CfP: The Borders of Europe. The Schengen System in a Historical Perspective (1990-2020)
In 1985, a group of five member states of the European Community (EC), i.e. France, the Federal Republic of Germany and the Benelux countries, signed an agreement in Schengen, whose aim was to remove internal border controls. It also provided for measures to strengthen external border controls and to ramp up the fight against drug trafficking, international crime and illegal immigration. This document, however, was more a working programme than a detailed plan of action and it was outside the community framework. After the Schengen Agreement had been signed, negotiations were therefore opened to decide upon a convention implementing it (CISA). The CISA, signed in 1990 in the wake of the fall of the Berlin Wall, specified the measures, which were to compensate for the abolition of internal border controls; it also established the Schengen Information System, to support external border control and law enforcement cooperation in the Schengen states.
The system based on the CISA started to work in 1995, and was incorporated into the European Union in 1999, after the entry into force of the Amsterdam Treaty. Today, twenty-six European countries have abolished internal border controls and established judicial and police cooperation and common rules for controlling external borders.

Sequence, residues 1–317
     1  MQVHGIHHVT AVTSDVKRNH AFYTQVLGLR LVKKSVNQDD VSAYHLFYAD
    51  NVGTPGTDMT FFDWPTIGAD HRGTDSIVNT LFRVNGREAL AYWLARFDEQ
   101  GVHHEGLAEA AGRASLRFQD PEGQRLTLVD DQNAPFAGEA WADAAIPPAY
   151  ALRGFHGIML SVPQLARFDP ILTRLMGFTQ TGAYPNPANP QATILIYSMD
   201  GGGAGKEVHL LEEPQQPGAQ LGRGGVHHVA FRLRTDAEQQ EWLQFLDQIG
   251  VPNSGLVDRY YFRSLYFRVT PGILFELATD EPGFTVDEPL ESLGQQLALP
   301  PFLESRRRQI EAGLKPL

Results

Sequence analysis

This conference aims at commemorating the 30th anniversary of the Schengen system, still considered as one of the most significant achievements of the European integration despite its current problems and challenges. Meanwhile, it intends to analyse events and dynamics behind it at a time when primary sources are beginning to be available to scholars. The time has come, in fact, for historians, along with political scientists, jurists, economists, sociologists and demographers, to discuss and draw some conclusions on the evolving conceptions and practical applications of the Schengen process, placing both of them in the wider context of the social and demographic transformation of the Euro-Mediterranean region and the political and economic narrative of continental integration.
The main purpose of this conference is thus to integrate the existing fragmented analyses, place them in a longer and broader perspective and extend the analysis further by examining: